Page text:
Theresa May claims election success amid mixed results for Tories and Labour
By David Hughes and Andrew Woodcock
Theresa May shrugged off a difficult week as Prime Minister as she hailed Conservative "success" in English local elections after Jeremy Corbyn's Labour failed to make predicted breakthroughs.
The Conservatives held on to "crown jewel" authorities in London including Wandsworth, Westminster and Kensington, as well as the key Labour targets of Barnet and Hillingdon, while picking up votes from Ukip across England.
But despite the ongoing row over anti-Semitism and the lack of eye-catching victories, there were signs of progress for Labour and analysis suggested the two main parties were neck-and-neck overall in terms of national vote share.
Labour MP Dan Jarvis comfortably won the Sheffield City Region mayoralty after a fight with his own party to be allowed to do both jobs.
Ukip suffered a bloodbath, with dozens of councillors culled and its own general secretary comparing the party to the Black Death.
But the Liberal Democrats enjoyed success, ousting the Tories in Richmond upon Thames in south-west London - leader Sir Vince Cable's back yard - and achieved a surprising success in South Cambridge.
With results in from 141 of 150 councils:
- Labour had a net gain of 68 seats but a net loss of control of one authority
- The Tories had also suffered a net loss of one council and had 72 fewer councillors
- The Liberal Democrats put on an extra 61 seats and gained control of three extra councils
The polarisation within British politics was laid bare by an analysis conducted by election guru Professor Sir John Curtice.
Votes in the local elections equated to a 35% share for both Labour and the Conservatives.
The BBC's projection suggests that if the result was repeated at a general election there would be another hung parliament with Labour on 283 seats in the Commons compared to the Conservatives' 280.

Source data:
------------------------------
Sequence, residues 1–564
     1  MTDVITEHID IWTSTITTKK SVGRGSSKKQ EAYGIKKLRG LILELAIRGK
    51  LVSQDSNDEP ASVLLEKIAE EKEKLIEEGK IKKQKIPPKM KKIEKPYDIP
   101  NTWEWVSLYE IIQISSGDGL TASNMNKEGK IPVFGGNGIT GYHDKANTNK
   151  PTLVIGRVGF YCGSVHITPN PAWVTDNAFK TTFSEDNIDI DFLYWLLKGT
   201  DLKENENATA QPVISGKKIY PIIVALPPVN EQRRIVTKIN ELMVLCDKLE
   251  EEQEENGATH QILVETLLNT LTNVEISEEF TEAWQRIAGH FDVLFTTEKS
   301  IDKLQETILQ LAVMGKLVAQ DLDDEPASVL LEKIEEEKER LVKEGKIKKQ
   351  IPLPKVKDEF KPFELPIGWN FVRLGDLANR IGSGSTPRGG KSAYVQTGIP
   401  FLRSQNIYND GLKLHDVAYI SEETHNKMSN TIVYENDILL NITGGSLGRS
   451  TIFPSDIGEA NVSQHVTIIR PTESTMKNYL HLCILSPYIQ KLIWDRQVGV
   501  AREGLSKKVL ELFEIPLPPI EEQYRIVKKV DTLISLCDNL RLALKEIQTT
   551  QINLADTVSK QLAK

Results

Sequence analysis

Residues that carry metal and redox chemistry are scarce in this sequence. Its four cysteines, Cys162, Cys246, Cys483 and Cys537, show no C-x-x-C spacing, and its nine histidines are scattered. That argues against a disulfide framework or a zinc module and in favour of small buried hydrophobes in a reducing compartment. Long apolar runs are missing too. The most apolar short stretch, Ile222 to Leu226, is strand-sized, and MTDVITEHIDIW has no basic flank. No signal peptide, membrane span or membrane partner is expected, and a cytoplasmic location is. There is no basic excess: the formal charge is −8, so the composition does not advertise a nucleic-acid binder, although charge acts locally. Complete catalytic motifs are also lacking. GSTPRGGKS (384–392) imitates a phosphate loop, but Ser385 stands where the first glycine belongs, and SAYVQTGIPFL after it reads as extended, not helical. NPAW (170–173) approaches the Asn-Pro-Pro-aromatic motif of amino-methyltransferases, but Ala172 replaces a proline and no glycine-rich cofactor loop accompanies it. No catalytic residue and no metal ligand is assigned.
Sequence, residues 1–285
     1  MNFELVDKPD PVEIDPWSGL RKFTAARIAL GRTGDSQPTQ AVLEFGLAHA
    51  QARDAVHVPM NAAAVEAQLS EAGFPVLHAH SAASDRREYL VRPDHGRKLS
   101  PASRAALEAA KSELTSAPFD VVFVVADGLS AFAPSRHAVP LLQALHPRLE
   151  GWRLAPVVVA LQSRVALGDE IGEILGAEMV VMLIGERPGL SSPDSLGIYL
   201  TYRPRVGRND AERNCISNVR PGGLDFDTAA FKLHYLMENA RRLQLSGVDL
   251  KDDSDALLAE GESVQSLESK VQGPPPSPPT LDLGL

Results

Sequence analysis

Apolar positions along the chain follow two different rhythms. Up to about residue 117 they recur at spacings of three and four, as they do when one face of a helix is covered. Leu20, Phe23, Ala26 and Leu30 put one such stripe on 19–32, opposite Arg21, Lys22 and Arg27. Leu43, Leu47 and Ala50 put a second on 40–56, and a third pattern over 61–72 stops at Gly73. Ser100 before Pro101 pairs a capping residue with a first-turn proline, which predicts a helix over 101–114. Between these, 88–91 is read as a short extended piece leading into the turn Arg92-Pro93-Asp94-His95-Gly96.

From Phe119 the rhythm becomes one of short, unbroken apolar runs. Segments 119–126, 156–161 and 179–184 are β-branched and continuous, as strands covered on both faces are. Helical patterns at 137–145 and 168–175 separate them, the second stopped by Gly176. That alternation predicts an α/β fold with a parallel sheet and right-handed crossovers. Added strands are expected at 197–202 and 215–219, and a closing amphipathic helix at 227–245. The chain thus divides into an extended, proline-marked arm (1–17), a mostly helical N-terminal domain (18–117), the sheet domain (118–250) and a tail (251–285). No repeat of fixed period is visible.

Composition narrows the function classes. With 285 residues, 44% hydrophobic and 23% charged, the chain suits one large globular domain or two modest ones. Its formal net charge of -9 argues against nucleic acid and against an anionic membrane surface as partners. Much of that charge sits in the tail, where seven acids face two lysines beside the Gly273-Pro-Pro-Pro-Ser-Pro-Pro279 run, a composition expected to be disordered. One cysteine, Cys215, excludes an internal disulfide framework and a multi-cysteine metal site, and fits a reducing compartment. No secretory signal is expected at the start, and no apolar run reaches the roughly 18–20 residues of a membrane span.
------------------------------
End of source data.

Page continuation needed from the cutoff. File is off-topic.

Labour had entered the election with high hopes of victories in the capital, but in Barnet, there was clear evidence of voters from the area's large Jewish community turning their backs on the party after it became embroiled in allegations of anti-Semitism.
Deputy Labour leader Tom Watson acknowledged the Jewish community had "sent us a message" and said the party had to learn lessons when it came to dealing with anti-Semitism in its own ranks.
Mr Corbyn sought to put a brave face on overnight results which saw Labour gain control of Plymouth.
Meeting activists in the Devon city, Labour's leader denied that his party has passed the moment of "peak Corbyn".
"No, no, there is much more to come, and it's going to get even better," Mr Corbyn told Sky News.
"Obviously, I am disappointed at any places where we lost a bit of ground, but if you look at the overall picture, Labour gained a lot of seats across the whole country, we gained a lot of votes in places we never had those votes before."
But the impact of its underwhelming performance was amplified by a failure to damp down expectations of victory in Tory strongholds which have not voted Labour in decades.
Labour MP Chuka Umunna called for an internal inquiry into the party's campaign, warning that the results cannot leave it confident of success at the next national poll.
The Prime Minister - just days after suffering the resignation of home secretary Amber Rudd and a setback over finding Cabinet agreement on the post-Brexit customs plan - was greeted by cheering supporters in Wandsworth.
She praised their efforts in beating off a Labour challenge which had seen the streets flooded with activists, including members of the Corbyn-backing Momentum campaign.
"Labour thought they could take control, this was one of their top targets and they threw everything at it, but they failed," said the Prime Minister.
Labour said that tight results in four Wandsworth wards meant it missed out on victory by just 141 votes.
Other dramatic scenes in the capital saw Liberal Democrats gain 25 seats in Richmond to regain control of the Remain-backing borough for the first time in eight years. Tories lost 27 councillors and were reduced to a rump of just 11.
Sir Vince said the Lib Dems were "very much on the way back".
Mr Corbyn's party lost Nuneaton and Bedworth - a bellwether area that often indicates the colour of the government at general elections - as well as Derby.
And it fell short of gaining control in areas like Swindon, Dudley and Walsall, where it had hoped to establish middle England strongholds.
The Conservatives gained control of councils in Peterborough, Southend and Basildon, and saw a small swing in their favour outside the capital. But they lost Trafford, their flagship council in the North West, to no overall control.
Ukip's general secretary Paul Oakley compared his party to "the Black Death" as he struggled to find positives in a night of virtual wipeout.
"It's not all over at all," Mr Oakley told BBC Radio 4's Today programme.
"Think of the Black Death in the Middle Ages. It comes along and it causes disruption and then it goes dormant, and that's exactly what we are going to do. Our time isn't finished because Brexit is being betrayed."